Manningham health project to care for long-term patients is hailed a success

Bradford Telegraph and Argus: Manningham health project to care for long-term patients is hailed a success Manningham health project to care for long-term patients is hailed a success

A pilot project to improve the care of patients with long-term health conditions in Bradford has been hailed a success.

Six GP practices in Manningham took part in one of the first trial schemes for Bradford’s integrated care for adults programme, looking at how NHS and social care services can provide care within communities and prevent avoidable stays in hospital.

The practices, part of Bradford City Clinical Commissioning Group (CCG), identified 20 patients with the most complex and high risk needs, including long-term conditions such as diabetes, asthma, heart problems and chronic obstructive pulmonary disease (COPD), who frequently end up at hospital.

The project looked at whether the patients could have been supported better to manage their long-term conditions with focused health and social care input and examining the patient’s family and support networks as well as their clinical needs.

With the support of a community matron from Bradford District Care Trust and a community co-ordinator, the practices worked with the patients over a number of months to “build a picture of their world” and how different services could support them to stay well.

By visiting the patients and speaking to them and their families, the team discovered any gaps in their care, what carer support was available and if there were any other issues, such as mental health problems, which made the patients more likely to attend A&E.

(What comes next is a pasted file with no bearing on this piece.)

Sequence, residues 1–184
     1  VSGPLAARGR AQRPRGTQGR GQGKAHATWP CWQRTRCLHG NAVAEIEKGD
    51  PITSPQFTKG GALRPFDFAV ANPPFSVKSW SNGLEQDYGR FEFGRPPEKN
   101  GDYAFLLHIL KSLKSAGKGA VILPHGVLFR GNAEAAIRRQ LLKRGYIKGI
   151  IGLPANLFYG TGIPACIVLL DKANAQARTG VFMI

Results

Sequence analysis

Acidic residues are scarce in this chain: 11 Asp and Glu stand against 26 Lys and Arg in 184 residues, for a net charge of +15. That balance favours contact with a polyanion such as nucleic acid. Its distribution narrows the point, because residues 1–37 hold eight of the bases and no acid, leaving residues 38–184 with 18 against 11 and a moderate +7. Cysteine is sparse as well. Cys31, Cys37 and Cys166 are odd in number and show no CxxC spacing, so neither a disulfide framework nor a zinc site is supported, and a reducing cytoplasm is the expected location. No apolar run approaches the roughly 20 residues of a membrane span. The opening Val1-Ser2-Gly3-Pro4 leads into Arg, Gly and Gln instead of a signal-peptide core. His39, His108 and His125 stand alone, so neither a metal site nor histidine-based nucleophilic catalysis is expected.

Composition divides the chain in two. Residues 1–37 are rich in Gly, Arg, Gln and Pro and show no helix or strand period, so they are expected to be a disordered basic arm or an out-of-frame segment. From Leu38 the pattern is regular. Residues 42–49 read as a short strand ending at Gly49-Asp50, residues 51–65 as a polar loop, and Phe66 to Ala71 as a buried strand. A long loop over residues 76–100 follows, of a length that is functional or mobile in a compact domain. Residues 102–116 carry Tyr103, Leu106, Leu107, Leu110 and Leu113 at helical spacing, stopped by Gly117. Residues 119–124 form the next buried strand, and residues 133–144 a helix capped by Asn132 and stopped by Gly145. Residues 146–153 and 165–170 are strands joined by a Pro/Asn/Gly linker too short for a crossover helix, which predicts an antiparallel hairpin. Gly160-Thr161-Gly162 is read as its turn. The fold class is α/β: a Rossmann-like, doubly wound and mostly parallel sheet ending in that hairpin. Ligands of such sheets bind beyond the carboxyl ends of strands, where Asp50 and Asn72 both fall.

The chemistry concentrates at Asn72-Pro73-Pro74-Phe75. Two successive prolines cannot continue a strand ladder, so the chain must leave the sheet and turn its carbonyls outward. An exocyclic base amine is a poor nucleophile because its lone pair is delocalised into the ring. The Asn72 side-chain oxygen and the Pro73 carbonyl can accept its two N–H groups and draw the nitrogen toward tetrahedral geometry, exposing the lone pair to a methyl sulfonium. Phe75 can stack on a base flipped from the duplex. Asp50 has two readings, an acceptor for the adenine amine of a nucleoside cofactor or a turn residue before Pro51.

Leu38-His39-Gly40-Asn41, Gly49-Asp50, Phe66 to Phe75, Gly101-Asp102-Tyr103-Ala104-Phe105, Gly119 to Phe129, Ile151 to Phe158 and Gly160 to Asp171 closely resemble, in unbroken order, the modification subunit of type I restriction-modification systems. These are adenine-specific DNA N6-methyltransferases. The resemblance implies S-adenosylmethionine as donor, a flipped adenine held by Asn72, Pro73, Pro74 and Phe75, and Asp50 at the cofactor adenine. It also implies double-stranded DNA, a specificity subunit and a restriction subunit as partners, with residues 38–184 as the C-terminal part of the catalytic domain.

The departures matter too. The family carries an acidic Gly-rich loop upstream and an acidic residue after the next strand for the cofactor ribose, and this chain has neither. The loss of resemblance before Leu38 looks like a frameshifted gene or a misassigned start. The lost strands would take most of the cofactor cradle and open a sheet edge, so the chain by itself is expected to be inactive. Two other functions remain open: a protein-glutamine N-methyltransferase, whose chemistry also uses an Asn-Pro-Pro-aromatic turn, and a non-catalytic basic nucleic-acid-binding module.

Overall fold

Dr Raf Rashid, Bradford City CCG’s lead for integrated care, said: “I’m surprised and very pleased at how well the project went.

“It really showed the value of social care and community input in the lives of certain patients whose needs are more than just clinical.

“The team was able to look in depth at a patient’s home life and identify where extra support could make a difference to how they feel about themselves, and hopefully make them better able to cope with their medical condition.

“The time invested in looking at a patient’s whole situation and linking with support services certainly pays off in the long-term with reduced demand on NHS services and a better quality of life for the patient.

“We found that simple things like encouraging a patient to join in activities at a day centre, or giving families some respite care, can change a patient and their family’s focus in a very positive way.”

Health bosses say the project showed that identifying patients with the most complex needs and helping them to sort issues before they become urgent and lead to unplanned hospital or care home admissions, can have “far-reaching benefits”.

A CCG spokesman said: “This approach enables people to keep living at home, with all the things that are important to them within easy reach, and also keeps hospital beds free for genuine emergencies.

“The Manningham pilot project has now ended but the practices are continuing with the integrated care model as it has been welcomed by staff and patients.

“The practices have learnt the value of looking at a patient’s whole needs and supporting them by working in a more coordinated and focused way with partners in social care and community groups.”

To find out more about integrated care, visit: bradfordcityccg.nhs.uk/ news/what-is-integrated-care.

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